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I'm creating a web page which has an inherent link to smart phones, and therefore I would like to mimic the design of the iOS and/or Android platform in the website.

  • In the case of the iOS platform, this means that all website content appears as it would appear on an iPhone or iPad. It has the blue title bar, the gray header which indicates signal strength and battery (of course, the battery indicator does not make much sense on the website).
  • In the case of the Android platform, this means that the buttons appear in the same gray/green design as on any Android device.

I'm not yet sure about the details, but I hope you get the direction I want to take.

My question is: Am I infringing some copyright? Specifically, does Apple object to websites which are using parts of the iOS UI design? I mean, the web site's purpose and content is strongly linked to iPhones and such.

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You can create a look alike design but it should be different in color and style so apple wont mind i guess. – Jack Mar 13 '12 at 10:47
Yes, I hope so. But do they mind if I use the same color and style? After all, it's kind of advertising for their platform. Also, do they have the legal means to prevent me from using their design? – cheeesus Mar 13 '12 at 14:01
That would be hard to comment, wait for the senior's such as @alan,farray,laurenipsum da01 they guys have pretty good view's on the same. soon you'll get a good response – Jack Mar 13 '12 at 16:21
up vote 2 down vote accepted

Legally, yes, you are copying protected IP. In this case, it'd likely be a form of 'trade dress' or, possibly patent infringement.

Would Apple or Google sue? Likely not. Your use could even be argued as fair use (though whether you have the financial ability to argue it in court is another issue).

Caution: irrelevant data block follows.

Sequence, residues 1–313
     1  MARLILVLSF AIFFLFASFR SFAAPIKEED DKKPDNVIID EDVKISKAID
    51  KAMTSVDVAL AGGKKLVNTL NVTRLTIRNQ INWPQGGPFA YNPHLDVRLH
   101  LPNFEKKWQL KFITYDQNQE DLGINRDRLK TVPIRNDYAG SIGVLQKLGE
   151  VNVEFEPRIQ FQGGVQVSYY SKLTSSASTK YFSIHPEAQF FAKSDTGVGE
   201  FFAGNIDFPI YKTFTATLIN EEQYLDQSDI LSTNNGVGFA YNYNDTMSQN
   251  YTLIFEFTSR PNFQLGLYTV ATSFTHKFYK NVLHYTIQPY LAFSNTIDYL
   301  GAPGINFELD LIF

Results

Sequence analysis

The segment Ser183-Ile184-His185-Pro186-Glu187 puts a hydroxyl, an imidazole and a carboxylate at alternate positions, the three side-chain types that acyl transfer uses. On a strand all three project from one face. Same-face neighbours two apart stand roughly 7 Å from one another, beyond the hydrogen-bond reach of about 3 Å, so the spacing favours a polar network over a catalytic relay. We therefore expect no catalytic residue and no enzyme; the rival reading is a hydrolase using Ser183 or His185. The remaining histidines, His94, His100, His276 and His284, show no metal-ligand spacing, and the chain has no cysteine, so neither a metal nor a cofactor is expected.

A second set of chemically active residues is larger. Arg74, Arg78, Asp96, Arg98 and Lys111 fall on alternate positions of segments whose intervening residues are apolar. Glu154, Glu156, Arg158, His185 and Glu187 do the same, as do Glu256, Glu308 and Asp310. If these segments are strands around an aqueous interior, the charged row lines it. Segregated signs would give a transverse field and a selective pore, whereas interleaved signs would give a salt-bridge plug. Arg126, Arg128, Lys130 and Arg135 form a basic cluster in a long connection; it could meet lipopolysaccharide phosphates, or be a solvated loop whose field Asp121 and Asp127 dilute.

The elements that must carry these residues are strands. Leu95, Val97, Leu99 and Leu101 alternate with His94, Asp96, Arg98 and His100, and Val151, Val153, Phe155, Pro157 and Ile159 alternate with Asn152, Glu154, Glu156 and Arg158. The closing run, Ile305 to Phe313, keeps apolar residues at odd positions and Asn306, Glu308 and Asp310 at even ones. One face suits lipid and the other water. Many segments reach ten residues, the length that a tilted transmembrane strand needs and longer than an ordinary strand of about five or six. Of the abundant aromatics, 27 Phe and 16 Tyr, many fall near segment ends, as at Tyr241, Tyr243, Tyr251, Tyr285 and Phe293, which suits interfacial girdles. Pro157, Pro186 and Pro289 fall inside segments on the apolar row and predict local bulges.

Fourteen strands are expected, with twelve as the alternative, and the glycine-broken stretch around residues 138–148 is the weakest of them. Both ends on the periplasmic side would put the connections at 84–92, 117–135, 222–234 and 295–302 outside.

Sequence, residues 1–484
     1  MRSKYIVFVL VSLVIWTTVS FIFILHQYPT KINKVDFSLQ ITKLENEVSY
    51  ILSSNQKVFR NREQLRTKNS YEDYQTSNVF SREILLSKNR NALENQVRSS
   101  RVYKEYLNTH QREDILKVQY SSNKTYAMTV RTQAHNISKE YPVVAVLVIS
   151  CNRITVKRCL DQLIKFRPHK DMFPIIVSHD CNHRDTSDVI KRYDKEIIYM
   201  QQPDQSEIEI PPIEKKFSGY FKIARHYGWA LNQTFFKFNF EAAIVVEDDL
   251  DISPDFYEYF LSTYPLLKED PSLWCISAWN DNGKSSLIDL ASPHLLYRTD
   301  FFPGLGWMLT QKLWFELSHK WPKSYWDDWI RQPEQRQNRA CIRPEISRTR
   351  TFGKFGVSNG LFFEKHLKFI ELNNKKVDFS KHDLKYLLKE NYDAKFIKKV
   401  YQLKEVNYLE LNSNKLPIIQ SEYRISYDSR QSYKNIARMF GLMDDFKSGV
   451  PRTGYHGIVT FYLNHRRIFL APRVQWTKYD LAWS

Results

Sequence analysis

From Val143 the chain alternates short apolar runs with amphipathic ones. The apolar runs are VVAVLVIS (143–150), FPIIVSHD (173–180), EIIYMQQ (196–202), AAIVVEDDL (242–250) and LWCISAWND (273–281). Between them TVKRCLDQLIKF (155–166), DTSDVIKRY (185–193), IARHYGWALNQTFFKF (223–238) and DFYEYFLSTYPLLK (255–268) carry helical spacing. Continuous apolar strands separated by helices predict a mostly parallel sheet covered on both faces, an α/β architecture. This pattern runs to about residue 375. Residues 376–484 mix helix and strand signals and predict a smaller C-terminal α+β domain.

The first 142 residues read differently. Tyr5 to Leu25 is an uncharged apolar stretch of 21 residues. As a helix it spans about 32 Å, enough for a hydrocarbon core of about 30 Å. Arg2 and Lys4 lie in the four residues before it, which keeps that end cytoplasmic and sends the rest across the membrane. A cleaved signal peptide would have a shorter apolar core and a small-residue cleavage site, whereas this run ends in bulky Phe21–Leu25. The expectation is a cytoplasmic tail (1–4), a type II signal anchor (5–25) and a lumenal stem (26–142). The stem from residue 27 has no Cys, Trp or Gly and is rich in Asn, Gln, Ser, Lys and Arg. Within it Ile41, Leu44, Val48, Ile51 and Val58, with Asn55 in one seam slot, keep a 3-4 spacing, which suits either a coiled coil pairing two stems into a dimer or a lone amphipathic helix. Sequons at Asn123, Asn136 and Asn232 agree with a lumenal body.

Context is everything, of course.

All that said, I'd rethink this from a UX perspective. What are you gaining by 'faking' the UI in a web site? I imagine this could be more confusing for users.

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Thank you! I do not have the financial ability to argue anything in court. But if Apple or Google want me to change the design, I would do so ASAP. Can they still sue me? Like, they tell me to change the design, I change it immediately, can they still sue me? Could I argue that I did not know they object to it, since they did not contact me earlier? – cheeesus Mar 13 '12 at 17:28
"Can they still sue me?" At least in the US, anyone can sue anyone. Kind of how our system works (for better and worse). In reality, I doubt you'd get sued, and, if anything, just get the cease and desist letter. But that's just my non-lawyer speculation. – DA01 Mar 13 '12 at 17:58
Even if Apple did not sue it seems to me that having gained enough knowledge to know that it is not right without permission and still continuing on with the project that way would cancel any argument you had in saying "Could I argue that I did not know they object to it, since they did not contact me earlier?" since it is clearly posted here that you do have knowledge to an extent. – Dyana Mar 13 '12 at 18:36
Thank you, this answers my question. I do not think they would sue me, but I won't risk finding out. – cheeesus Mar 13 '12 at 22:03

According to Apple.. yes: Apple's legal stuff You can't use Apple to sell non-Apple products. That includes Apple's "Trade dress" or look-and-feel.

I don't know about Android but I suspect there's a similar document somewhere for Google.

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